The take home points of the opening chapter are that there was a significant revival of Hegelian ideas in Germany in the first half of the 20th century that has been neglected by scholarship and that the omission of this from our understanding of German and European politics is unsustainable.
Neo-hegelian projects of reconciling contrary theories (positivism and historicism) in legal philosophy were ambitious, all the more so as the figure of Hegel himself was contested.

The remainder of the book sheds great light on the considerable influence of Hegelian ideas in the Weimar Republic and Third Reich, particularly on legal thinking through the influence of Julius Binder, Karl Larenz and Walter Schönfeld. In relation to Hegel, the main ideas were of the priority of community over individuality as a source of value (“socialism” as opposed to “individualism” or “liberalism”) and the preference for the concrete thinking of Sittlichkeit in the third part of the Philosophy of Right over the idea of abstract right in the first part, which they considered a hang over from the natural law tradition. The view of Hegel as aligned to Prussian traditions is traced back to Johann Erdmann and rejected. This is of great interest as a contrast with better known Hegel interpretations drawn from the liberal and Marxist political traditions.

The historicity of law recognised by Hegel was held to be in opposition to both legal positivism and the natural law tradition and the hope was to supersede this opposition and that of is/ought (Sein/Sollen in German), associated with both legal positivism and neo-kantianism, by placing the origin of value in the achievement or fact of community. For example, Karl Larenz wrote in 1935:

“It is the Hegelian doctrine of “objective spirit”, the doctrine of objective idealism, that allows us to consider right [...] as an autonomous field of value, finding the basis and criterion of its validity in itself, that is to say, in its Idea, and whose ethical character does not rest on its agreement with the positive morality and with the ethical convictions of individuals, but in its agreement with its own Idea.” (324n)

The opaqueness of the “Idea” is filled in by references to the history of community. However, these thinkers were also influenced by the (German) natural law tradition of Pufendorf and this was the main influence that outlived the war.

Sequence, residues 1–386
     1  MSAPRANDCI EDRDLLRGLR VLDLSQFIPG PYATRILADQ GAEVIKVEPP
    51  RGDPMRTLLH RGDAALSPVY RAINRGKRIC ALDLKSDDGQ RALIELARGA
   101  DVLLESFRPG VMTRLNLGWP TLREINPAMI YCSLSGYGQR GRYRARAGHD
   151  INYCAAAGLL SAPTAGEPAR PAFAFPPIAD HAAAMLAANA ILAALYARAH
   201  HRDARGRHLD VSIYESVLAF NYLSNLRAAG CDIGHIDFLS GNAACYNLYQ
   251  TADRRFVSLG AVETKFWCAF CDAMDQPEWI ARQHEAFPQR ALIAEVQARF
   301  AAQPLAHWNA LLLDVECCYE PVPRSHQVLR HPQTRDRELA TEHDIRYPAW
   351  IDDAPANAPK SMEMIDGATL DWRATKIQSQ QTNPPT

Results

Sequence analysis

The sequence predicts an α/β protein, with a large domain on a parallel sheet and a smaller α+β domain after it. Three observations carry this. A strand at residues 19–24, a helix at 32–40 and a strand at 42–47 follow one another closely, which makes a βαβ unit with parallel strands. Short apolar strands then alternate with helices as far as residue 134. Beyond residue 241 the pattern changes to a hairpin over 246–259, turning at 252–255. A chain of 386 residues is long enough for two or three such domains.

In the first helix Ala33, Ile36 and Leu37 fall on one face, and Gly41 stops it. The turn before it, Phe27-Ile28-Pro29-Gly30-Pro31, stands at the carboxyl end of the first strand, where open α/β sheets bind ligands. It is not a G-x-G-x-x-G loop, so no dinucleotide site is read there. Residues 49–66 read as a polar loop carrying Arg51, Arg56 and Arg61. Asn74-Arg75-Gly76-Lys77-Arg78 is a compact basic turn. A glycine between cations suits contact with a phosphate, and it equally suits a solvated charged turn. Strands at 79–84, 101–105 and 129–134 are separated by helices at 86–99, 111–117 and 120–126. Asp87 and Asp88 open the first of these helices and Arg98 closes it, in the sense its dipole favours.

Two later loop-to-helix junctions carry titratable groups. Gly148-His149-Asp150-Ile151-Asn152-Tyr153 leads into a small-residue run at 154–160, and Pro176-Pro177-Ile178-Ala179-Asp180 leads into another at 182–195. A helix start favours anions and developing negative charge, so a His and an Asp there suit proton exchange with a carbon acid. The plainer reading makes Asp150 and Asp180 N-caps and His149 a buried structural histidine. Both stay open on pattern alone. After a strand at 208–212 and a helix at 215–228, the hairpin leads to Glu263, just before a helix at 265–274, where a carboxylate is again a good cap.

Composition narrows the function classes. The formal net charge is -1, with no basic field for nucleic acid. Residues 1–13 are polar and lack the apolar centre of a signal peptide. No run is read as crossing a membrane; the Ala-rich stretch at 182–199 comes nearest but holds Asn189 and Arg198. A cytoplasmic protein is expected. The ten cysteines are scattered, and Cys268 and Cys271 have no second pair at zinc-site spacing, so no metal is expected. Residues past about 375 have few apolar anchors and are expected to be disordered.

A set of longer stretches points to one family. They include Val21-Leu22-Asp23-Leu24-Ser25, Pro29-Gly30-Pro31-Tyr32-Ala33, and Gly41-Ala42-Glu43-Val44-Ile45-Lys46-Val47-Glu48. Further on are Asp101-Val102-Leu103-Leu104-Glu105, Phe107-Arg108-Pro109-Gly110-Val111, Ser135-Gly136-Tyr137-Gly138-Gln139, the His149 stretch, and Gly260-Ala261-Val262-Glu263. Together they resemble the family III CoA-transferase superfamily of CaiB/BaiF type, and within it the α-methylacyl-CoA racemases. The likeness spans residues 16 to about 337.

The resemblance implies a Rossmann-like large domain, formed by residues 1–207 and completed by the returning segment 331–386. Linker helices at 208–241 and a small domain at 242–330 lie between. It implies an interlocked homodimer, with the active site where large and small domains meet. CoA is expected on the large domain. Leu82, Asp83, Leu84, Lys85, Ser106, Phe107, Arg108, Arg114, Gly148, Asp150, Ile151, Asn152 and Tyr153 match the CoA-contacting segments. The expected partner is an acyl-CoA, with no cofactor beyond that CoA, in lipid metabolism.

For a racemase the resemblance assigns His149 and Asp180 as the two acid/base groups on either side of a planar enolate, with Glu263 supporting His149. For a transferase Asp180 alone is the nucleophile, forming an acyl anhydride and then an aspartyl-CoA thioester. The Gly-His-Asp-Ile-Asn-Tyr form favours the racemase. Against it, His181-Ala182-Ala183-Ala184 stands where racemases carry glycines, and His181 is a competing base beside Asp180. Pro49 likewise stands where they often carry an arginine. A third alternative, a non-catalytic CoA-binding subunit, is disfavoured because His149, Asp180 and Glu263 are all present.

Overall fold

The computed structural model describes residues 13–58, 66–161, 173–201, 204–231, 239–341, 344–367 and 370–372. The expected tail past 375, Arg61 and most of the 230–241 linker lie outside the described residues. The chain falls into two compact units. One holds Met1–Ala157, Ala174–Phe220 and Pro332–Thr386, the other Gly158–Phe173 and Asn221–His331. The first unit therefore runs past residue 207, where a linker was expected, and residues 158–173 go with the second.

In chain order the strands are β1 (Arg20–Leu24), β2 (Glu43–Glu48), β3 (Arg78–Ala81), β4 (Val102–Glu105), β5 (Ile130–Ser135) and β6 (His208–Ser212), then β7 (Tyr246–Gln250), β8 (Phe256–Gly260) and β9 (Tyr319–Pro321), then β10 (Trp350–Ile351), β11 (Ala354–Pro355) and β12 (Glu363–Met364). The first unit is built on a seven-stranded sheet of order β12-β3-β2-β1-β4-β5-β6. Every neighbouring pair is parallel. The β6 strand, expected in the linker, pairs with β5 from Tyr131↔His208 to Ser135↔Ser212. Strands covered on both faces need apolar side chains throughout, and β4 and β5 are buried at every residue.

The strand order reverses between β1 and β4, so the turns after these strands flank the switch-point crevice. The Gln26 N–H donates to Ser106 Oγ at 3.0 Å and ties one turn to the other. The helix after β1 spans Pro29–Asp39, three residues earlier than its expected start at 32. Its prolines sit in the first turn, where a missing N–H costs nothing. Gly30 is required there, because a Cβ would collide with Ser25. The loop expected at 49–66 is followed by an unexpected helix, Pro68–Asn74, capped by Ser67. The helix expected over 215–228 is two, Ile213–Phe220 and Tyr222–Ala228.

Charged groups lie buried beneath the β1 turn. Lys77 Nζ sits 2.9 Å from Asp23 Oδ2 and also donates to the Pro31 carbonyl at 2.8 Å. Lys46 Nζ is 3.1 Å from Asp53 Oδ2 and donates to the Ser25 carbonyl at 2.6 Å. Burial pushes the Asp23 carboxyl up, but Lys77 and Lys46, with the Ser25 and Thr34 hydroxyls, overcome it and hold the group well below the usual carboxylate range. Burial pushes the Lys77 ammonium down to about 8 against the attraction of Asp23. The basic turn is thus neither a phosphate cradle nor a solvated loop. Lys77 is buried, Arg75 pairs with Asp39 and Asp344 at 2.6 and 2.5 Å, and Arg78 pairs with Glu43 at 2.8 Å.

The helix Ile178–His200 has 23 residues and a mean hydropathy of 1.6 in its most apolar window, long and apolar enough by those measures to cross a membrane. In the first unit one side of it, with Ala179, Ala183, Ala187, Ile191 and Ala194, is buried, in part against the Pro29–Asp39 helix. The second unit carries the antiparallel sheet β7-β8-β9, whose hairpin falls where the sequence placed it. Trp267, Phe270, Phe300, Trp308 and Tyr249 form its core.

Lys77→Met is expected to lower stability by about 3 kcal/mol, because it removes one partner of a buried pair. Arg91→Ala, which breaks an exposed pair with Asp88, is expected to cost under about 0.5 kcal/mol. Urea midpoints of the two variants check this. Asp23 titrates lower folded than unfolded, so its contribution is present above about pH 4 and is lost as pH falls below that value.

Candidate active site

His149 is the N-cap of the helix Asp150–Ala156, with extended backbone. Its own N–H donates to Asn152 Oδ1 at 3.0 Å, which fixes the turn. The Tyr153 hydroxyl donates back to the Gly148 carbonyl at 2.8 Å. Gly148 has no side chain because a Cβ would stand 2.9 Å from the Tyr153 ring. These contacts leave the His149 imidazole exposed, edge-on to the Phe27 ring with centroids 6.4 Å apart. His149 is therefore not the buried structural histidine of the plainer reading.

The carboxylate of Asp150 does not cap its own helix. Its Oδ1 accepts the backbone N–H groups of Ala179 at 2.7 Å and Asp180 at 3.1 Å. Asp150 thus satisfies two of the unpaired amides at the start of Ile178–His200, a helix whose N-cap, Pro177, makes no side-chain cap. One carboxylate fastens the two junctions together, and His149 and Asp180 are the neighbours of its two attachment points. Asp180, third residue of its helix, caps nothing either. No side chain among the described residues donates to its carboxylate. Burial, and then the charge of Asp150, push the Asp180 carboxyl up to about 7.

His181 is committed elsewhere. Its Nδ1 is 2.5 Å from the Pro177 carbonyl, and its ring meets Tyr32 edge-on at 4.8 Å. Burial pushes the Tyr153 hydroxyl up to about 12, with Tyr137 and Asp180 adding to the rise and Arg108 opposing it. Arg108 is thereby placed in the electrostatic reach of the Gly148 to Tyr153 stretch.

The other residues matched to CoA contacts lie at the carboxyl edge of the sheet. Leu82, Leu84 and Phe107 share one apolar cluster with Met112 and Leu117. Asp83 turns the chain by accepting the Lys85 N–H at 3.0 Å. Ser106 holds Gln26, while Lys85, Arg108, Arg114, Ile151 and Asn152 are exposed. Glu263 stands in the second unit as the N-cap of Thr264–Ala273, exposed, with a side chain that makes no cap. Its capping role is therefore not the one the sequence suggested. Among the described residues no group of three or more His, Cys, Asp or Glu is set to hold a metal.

In biographical terms, their influence increased after the fall from power of Carl Schmitt in 1936 and the rise of Hans Frank, editor of Deutsche Rechtswissenschaft. They were associated with a project of renewal of German law on a basis independent of the Roman law tradition (hence of natural law) that drew instead from the analysis of German communal tradition found in Otto von Gierke. To the extent that Frank fell from favor, so did the neo-hegelians. Hürstel’s own summary is as follows:

“This work has made it clear that, amongst the diverse, heterogeneous and sometimes contradictory references cultivated by the “neo-hegelian” jurists in their contributions to völkisch ideology, the reference to Hegel became, starting from 1933, if not secondary, at least not exclusive in their discursive strategy. We have been able effectively to follow the way in which the thought of Sittlichkeit was taken up outside its properly hegelian context to be reattached to a larger tradition, encompassing successively the historical school of law and the thought of German natural law. The “missing link of the chain” (to take up an expression of Karl Popper) which would relate Hegel to Nazi totalitarianism, would not at the end of the day be a “neo-hegelianism” associated with the figure of Hegel, but associated with a Hegel mediated by the historical school of law and by his being written into a German line of “natural law”, that was interrupted in Germany by the introduction of a foreign codification and that played out through the debate between Thibaut and Savigny.” (335)
“The reference to Hegel was doubtlessly not the one to prioritize in the structure of an ideology hostile to all universalism. But even in their attempts at völkisch adaptation, the “neo-hegelians” could not present a consistent line, nor a united front, and their Nazi commitment waned each time for specific reasons. This failure to constitute themselves as a movement reveals a fundamentally untenable position. It illustrates not only the antagonistic and disparate nature of the Nazi ideology, but also its deep incompatibility with hegelian rationality.” (341)

As for the main individuals, Julius Binder died shortly before the war in 1939, Adam von Trott zu Solz was executed for his part in the July 1944 attempted coup d’état, Martin Busse died before Königsberg in east Prussia in 1945 and Hans Frank was executed as a war criminal at Nuremberg in 1946. Of those who survived the war and its aftermath, Walter Schönfeld went on to be a minister and Karl Larenz returned to university teaching, both publishing material in the natural law tradition.

I have not gone in detail through the hundreds of pages of citations and Hegel interpretation in Hürstel’s book, partly as it might raise questions of copyright. In my view, the book as a whole supersedes the work of German scholars such as Ernst Topisch and Hubert Kiesewetter for its period, though its scope is narrower. As far as I know, there is nothing like it in English.

My own conclusion is that, whilst the period of the German Reich (1871-1945) is of interest for Hegel interpretation and as an outdated exemplar of the political ideas of nation and power politics, we need to focus also on the period prior to German unification as the original context of Hegelian thought and its decline and on the post-1945 era as the present field of reflection for political theory.